Al Jazeera Caught Recycling Dead Kid Pics to Slander Egypt After Bombing of ISIS Positions in Libya

by Patrick Poole

February 16, 2015

Qatar’s Al Jazeera network got their hands caught in the proverbial felafel jar today when it recycled pictures of dead children from an accident months ago, claiming they were killed in Egypt’s overnight bombing of ISIS positions in Derna, Libya.

The pictures were posted on both the Al Jazeera website and their Facebook page. The picture has been changed on their website and the Facebook post has been removed, but I did screen capture the Facebook posting:


Several sharp-eyed watchers picked up on Al Jazeera’s image recycling:

الجزيرة تنشر صورة ملفقة قديمة لحادث اختناق أطفال على أنها نتيجة الغارات المصرية ب#ليبيا .

— إسلام الديب (@Deebo250) February 16, 2015

That hasn’t prevented others from repeating Al Jazeera’s claims that 40-50 women and children were killed in the overnight airstrikes:

من 40 الي 50 قتيل طفل ونساء كانوا نائمين ليبين اتقتلوا في طبرق – طيب الفيديو مصورمصريين اتقتلوا في طرابلس (غرب…

— مصطفي ابو العدل (@mostafaaboadll) February 16, 2015

Egyptian Twitter users were quick to express frustration with the network’s ongoing information war against Egypt:

Want to know why Egyptians hate AJ? here you go, it's using old pics of kids claiming they were killed by Egypt army

— Mina Fayek (@minafayek) February 16, 2015

Al Jazeera using an old pic of a dead kid, claiming he was killed by Egypt airstrikes in Libya. #Low V @minafayek

— The Big Pharaoh (@TheBigPharaoh) February 16, 2015

Since the ouster of Muslim Brotherhood president Mohamed Morsi in Egypt after the massive June 30, 2013 protests, many in the Middle East have grown to see Al Jazeera not as a news network but as an information warfare arm of the State of Qatar and their owner, Qatar’s ruler Sheikh Tamim bin Hamad Al Thani.

In December, AlJazeera shut down its Egyptian channel in an effort to smooth relations between Egypt and Qatar.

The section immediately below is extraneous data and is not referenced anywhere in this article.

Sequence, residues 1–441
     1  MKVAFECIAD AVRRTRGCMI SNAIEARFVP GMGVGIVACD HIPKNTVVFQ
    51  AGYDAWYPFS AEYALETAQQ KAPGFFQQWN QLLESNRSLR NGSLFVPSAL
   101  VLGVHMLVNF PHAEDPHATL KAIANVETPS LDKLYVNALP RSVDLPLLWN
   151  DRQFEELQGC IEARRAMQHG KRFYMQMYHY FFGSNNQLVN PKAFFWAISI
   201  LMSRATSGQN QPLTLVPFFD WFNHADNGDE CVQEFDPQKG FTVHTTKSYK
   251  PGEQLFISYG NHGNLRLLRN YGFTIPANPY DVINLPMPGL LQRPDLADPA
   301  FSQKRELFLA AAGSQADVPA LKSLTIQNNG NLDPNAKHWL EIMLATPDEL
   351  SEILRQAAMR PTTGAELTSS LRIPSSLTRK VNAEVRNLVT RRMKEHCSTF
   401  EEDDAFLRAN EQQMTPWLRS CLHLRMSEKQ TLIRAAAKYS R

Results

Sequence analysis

The tension between the two states could be seen in the international protests devoted to the cause of three Al Jazeera employees that had been jailed in the wake of the June 30th revolution on charges of attempting to undermine the new Egyptian government.

While whole news organizations dedicated themselves to the Al Jazeera employees’ release, highlighted by the #FreeAJStaff hashtag, there was little discussion that Egyptian authorities had repeatedly warned Al Jazeera that they were not properly licensed to broadcast out of the country.

All three of the Al Jazeera employees have recently been released. Peter Greste, an Australian citizen, was released and deported on February 1st. The other two employees, Mohamed Fahmy and Baher Mohamed were released last week on $33,000 (US) bail.

And yet when Fahmy and Mohamed were released, despite more than a year of agitation directed at Egypt for their employees’ release, the network refused to pay their bail:

"@MFFahmy11 was highly critical of his Qatari-based employer, @AlJazeera, which he said did not pay for his bail."

— سلطان سعود القاسمي (@SultanAlQassemi) February 15, 2015

Even after his release, Mohamed Fahmy admits that his case wasn’t entirely about free expression, but rather Qatar’s weaponizing Al Jazeera against its perceived international enemies:

Their arrest came against the backdrop of deteriorating ties between Cairo and Doha, which backed the Muslim Brotherhood government of Islamist president Mohamed Morsi.

Morsi was ousted by then army chief Sisi in July 2013.

“This case is partly about freedom of expression … however there is also a part of the case that is an ongoing cold war and score settling between Qatar and Egypt,” Fahmy said.

That more of an admission than you would hear from most U.S. establishment media outlets.